However, there is a significant difference of opinions when asked about the level of commitment shown by the teachers: While just under half of German parents (49%) agree with the statement that teachers have made great efforts to ensure that distance learning works well for the students, 72 per cent of British parents strongly agree with this statement. Almost exactly the same numbers were found when parents were asked about the general level of commitment to distance learning at the schools. Again, 49 per cent of German parents and 71 per cent of British parents report that a lot of effort has been made. The satisfaction with the commitment of schools and teachers is much higher among British parents than parents in Germany.
Respondents on both sides, however, graded policy makers poorly on their commitment to distance learning. Only 25 per cent of German parents and 30 per cent of parents in the United Kingdom believe that the related policies are effective.
It’s not just the students who suffer under bad policies, but also the parents: Around a third of parents in Germany (34%) and just under half of British parents (47%) report that they often feel overwhelmed while supporting their children with their schoolwork.
“No one could have predicted the COVID-19 pandemic and the impact it would have on education. But a year has now passed since the first lockdowns – this surely must be enough time to have set online education on the right track. In fact, the digitalisation train at schools should have been running at top speed long ago,” says Dr. Sara Warneke, commenting on the survey results. She adds, “Investments must be made in the technical infrastructure at schools, particularly where students from socially disadvantaged backgrounds need material support. But the survey also shows that additional training for teachers is necessary so they can provide the same good standard of education online.”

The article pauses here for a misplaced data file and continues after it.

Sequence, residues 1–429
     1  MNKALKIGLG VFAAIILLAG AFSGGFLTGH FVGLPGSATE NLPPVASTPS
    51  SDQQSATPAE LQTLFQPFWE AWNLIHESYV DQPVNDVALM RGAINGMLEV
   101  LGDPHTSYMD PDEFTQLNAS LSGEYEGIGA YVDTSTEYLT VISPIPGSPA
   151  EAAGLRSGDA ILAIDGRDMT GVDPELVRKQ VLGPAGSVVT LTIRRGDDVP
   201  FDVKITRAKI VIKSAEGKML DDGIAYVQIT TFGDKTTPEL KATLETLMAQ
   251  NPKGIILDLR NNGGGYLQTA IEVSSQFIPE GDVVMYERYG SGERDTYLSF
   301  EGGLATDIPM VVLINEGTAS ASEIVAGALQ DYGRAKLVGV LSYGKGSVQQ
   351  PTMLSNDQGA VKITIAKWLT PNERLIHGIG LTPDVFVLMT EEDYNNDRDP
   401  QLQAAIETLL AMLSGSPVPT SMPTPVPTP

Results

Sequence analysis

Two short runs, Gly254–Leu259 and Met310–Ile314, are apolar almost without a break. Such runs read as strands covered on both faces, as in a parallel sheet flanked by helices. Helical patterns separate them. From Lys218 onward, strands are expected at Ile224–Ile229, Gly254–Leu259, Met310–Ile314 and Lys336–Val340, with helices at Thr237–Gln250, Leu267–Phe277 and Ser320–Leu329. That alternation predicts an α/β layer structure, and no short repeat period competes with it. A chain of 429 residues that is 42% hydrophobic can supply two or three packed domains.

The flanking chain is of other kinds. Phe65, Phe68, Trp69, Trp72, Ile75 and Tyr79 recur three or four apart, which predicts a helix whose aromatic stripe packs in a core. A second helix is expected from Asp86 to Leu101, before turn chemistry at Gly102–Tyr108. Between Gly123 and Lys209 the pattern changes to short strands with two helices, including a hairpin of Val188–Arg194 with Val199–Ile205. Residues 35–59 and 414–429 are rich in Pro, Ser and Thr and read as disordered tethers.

Progress has been made, but it’s not fast enough
Even though the digitalisation of schooling is not yet sufficient, respondents in both countries agree there has been progress made, albeit to different degrees: In Germany, 25 per cent of respondents believe the country is now better positioned than it was a year ago, but 40 per cent say there has been a noticeable improvement. More has happened in the UK, where 57 per cent of parents report noticeable progress, and only 11 per cent believe they are in the same situation as a year ago. This discrepancy clearly shows that the pace of digitalisation is not fast enough, particularly in Germany.
* The data used are based on an online survey by YouGov Deutschland GmbH at the beginning of March in which participated parents with children in home schooling (Germany: 321, Great Britain: 373).
** The results are from a two-part survey covering home-schooling and home office. The second part of the results will be published by gfu in the second half of March. If you would like the results of this survey and other news from gfu, please join our news distribution list: Media contact – GFU